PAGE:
Gains in labor and animal handling efficiency make this new building design popular — but it comes with a bigger price tag.
When it comes to large production systems, it's been accepted that sows make a long trek from the gestation stall to the farrowing crate.
That's been the case until staff at the Carthage Veterinary Service (CVS) Ltd. of Carthage, IL, came up with a more efficient design to ease the relocation burden for man and beast.
Last August, the first CVS-designed, double-wide farrowing facility was built as part of a start-up operation called Lone Hollow, LLC, says Steven Hoffpauir, DVM, CVS consultant for the Augusta, IL, farm. Lone Hollow is a 5,800-sow, farrow-to-wean operation connected to breeding-gestation facilities.
“Instead of having 18 rooms all in a row down a long hallway, the double-wide unit has rooms across from each other to cover more ground faster and make it easier on the sows,” he explains.
It's a fragile time for “heavy-bred” sows. The long walk from gestation on Day 112 is strewn with feces and urine where sows may slip and slide as they tire from the long journey, says Hoffpauir.
In the new design, when it comes time to farrow, small groups of sows are brought from breeding-gestation barns that flank both sides of the farrowing facility.
Once they reach the farrowing area, workers use a herding board to walk sows, three abreast, down a spacious 7-ft.-wide central hallway that divides the two sets of nine rooms. The process works well, usually without problems or sows trying to turn around, he says. Sows enter rooms that feature four rows of 14 crates.
So far, only gilts have made the trek in this start-up herd, but the Illinois swine veterinarian says the real advantage to the shorter trek to farrowing will most likely become apparent when sows reach older parities and heavier weights, and may face lameness issues.
Walking Distance Is Halved
Steve Baker, farm manager at Lone Hollow, says instead of a ¼-mile walk from gestation to farrowing, the jaunt is about ⅛-mile, meaning groups of sows can be moved from gestation and loaded into farrowing rooms in just 30-45 minutes.
Moving time has also become more efficient at weaning. In an hour or less, sows can be returned to breeding-gestation and weaners moved straight down the hallway and out the door to waiting trucks destined for owners' finishing barns in the area.
Built into one end of the double-wide farrowing facility is Baker's office, a disinfectant chamber and an extra farrowing room that has been split in half. One half is used for a 28-crate overflow farrowing room and the other half for a 550-head nursery, he explains.
The extra farrowing room simply permits Lone Hollow to adjust pig weaning age upward a bit, says Baker.
The extra nursery provides weaning flexibility. Normally, pigs are weaned three days a week — Monday, Wednesday and Friday. “This extra nursery space allows us to wean on Tuesdays and Thursdays, if we need to, and hold those weaned pigs for 24 hours until they go on the truck,” he explains.
When those additional pigs are placed in the nursery holding room, they are put on pelleted feed, says Hoffpauir. To avoid shrink from the stress of being removed from milk, it's vital to move them out quickly.
Other Building Features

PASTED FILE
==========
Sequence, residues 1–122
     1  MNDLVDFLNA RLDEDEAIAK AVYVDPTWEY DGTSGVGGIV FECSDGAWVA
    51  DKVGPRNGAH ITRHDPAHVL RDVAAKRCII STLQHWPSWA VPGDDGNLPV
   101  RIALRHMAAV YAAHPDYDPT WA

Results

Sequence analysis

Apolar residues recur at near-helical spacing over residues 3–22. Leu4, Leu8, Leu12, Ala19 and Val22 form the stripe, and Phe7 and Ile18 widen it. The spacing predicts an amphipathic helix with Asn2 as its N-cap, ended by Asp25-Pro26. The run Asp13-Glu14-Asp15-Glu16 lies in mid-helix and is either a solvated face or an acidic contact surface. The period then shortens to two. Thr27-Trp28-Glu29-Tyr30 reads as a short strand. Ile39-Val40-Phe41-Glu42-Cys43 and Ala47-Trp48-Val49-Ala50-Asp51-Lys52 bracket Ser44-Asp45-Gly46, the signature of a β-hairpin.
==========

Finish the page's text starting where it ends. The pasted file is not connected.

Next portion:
Farm manager Baker points to several other features that add to the efficiency of the double-wide farrowing unit:
Heating and ventilation. The farrowing rooms start out at 72°F and in five days temperatures are dropped to 68°F, where they remain throughout lactation. “We can keep the rooms a lot cooler with this system because we don't have wall inlets forcing in cool air all of the time,” says Baker. Every room utilizes 16 ceiling air inlets. Air flows in through cool cells, up through the attic, down from the ceiling and across the rooms.
Not having wall inlets, especially along a common hallway, has really enhanced air quality and the overall environment, he stresses.
“This summer, when it was hot, instead of being cool on one side of the farrowing rooms and hot on the other, the air was pretty evenly distributed across the whole area,” which is easier to do with a double-wide building, adds Baker.
Heat lamps on a pulley. Heat lamps can be adjusted individually, but they are also attached to a pulley system with a crank at the end of the rows that allows each row of lamps to be adjusted at the same time. It facilitates frequent adjustment of heat lamps, and is particularly useful at weaning so workers can quickly pull the lamps up and out of the way, he explains.
Double-curtained south end. Adjacent to the 9-ft.-high cool cell is a 6-ft.-high curtain that comes down from the top of the wall and a 3-ft.-high curtain that comes up from the bottom, effectively limiting, but not completely closing off, needed flow of fresh air into the cool cell and the rooms.
Farrowing performance in the new double-wide barn has been impressive, with first-parity sows averaging nearly 11 pigs born alive/litter. Weaning performance is averaging about 10 pigs/litter weighing an average of 13 lb. at 20 days of age. So far the system is achieving 24 pigs weaned/mated female/year, says Baker.
Adding building efficiencies costs extra, says Hoffpauir. Figure $40/sow space more for the double-wide farrowing design. At 5,800 sows for the Lone Hollow site, the additional cost to build is about $232,000.
The payback for efficiently handling sows, providing sow comfort and easing the workload on farrowing crews may prove to be well worth that extra cost of construction in the long run.